“I truly believed in my country. And for me to turn and say that I’m afraid of my country breaks my heart.”
Former Army National Guard Recruiting Assistant
The Army National Guard (ANG), seeking new recruits in 2005, began the Guard Recruiting Assistance Program (G-RAP). Almost 300,000 Guard soldiers – at the request of their Command – signed up to serve as personal ambassadors for the ANG, in an effort to bolster the number of enlistees. Approximately 109,000 of these soldiers became active Recruiting Assistants (RAs), bringing close to 150,000 new enlistees into the program. By all measures this was a uniquely successful program.
A private company administered G-RAP. Docupak, an advertising specialties company, was awarded $350 million by government to promote, manage, administer and monitor G-RAP. Docupak in turn, hired the RAs as private contractors, and offered a monetary recruitment incentive: For every soldier enlisted, they were paid up to $2,000 (up to $8500 for an officer).
In 2012, an Army audit was leaked to the Washington Post, alleging that Docupak had been awarded the contract illegally and that thousands of Guardsmen and women defrauded the program. Congress took notice and Army has used this opportunity to tarnish the Guard while steering attention away from any fraud that might have occurred in the Army or any of the other military Recruiting Assistance Programs.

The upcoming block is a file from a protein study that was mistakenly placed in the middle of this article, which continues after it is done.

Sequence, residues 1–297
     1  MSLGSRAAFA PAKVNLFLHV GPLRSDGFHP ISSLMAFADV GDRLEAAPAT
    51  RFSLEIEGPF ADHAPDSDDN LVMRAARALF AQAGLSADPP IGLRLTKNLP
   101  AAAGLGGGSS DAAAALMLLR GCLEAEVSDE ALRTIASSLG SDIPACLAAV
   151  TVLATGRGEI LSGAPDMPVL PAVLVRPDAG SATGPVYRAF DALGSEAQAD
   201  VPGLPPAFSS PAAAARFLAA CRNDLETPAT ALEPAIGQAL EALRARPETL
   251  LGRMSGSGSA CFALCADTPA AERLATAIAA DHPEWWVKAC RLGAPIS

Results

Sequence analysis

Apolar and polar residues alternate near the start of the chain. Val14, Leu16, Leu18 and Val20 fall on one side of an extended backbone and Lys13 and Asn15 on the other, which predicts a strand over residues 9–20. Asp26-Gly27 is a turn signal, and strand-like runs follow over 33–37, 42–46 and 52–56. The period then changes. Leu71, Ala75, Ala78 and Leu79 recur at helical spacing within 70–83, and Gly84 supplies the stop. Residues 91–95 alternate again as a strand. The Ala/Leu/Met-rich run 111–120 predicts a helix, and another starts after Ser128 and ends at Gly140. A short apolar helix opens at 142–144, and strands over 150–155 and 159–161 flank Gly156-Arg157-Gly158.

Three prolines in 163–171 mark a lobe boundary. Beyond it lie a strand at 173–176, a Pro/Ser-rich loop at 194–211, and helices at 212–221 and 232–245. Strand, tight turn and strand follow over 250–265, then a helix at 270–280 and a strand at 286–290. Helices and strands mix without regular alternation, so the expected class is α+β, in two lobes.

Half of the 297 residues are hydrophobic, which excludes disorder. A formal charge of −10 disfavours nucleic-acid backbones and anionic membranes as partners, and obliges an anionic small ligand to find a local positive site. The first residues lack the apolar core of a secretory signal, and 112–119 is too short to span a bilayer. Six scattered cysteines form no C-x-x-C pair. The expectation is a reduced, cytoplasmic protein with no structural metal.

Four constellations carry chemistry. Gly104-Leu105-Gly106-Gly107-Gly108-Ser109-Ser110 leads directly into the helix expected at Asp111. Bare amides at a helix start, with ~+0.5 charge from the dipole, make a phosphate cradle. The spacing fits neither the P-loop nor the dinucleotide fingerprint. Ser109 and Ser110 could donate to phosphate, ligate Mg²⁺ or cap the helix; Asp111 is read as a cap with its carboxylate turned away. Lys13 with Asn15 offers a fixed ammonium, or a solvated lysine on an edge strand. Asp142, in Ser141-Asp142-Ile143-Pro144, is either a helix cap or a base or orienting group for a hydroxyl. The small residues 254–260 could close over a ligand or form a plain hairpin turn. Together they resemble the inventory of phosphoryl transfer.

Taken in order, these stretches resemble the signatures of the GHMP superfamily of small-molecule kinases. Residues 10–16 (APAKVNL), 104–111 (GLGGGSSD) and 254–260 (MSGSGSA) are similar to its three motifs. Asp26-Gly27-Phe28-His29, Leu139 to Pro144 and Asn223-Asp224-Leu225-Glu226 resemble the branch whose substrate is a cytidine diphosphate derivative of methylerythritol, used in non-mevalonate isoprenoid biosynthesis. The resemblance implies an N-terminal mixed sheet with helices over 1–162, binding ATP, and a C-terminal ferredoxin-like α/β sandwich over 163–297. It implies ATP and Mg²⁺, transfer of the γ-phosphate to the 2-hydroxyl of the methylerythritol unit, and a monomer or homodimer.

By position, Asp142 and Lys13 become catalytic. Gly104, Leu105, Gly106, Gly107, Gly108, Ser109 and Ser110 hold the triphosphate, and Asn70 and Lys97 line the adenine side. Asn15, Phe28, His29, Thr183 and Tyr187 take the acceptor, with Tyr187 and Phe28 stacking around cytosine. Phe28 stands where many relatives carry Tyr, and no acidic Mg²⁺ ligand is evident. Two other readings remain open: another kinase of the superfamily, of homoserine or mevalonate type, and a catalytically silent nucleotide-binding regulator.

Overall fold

Despite the Army’s report to Congress that the amount of fraud could go as high as $100 million, and after spending an estimated $40 million on investigations and prosecutions, the Government has recovered roughly $2.5 million (as of 5/2016) in what are considered fraudulent payments. That number includes those who still claim they were innocent but pled guilty, or accepted a bargain, in order to avoid exposure to jail time and/or had no money to defend themselves.
Thousands of Guard soldiers and veterans who participated in G-RAP, have been investigated by the Army’s Criminal Investigation Division (CID); thousands of those soldiers and veterans – many of them decorated war heroes – have seen their lives and careers ruined by this investigation.
Why would the Army believe that over 100,000 brave men and women, who have sworn to protect their country, would risk their careers by committing fraud?
“This domestic attack on the Army National Guard must stop. The Army must own up to their embellished Congressional testimony and set the record straight. The Army, and especially the CID Command, owe it to each and every Guard member whose life has been terrorized and ruined to make them whole again, whatever it takes—do the right thing. And it needs to happen now.”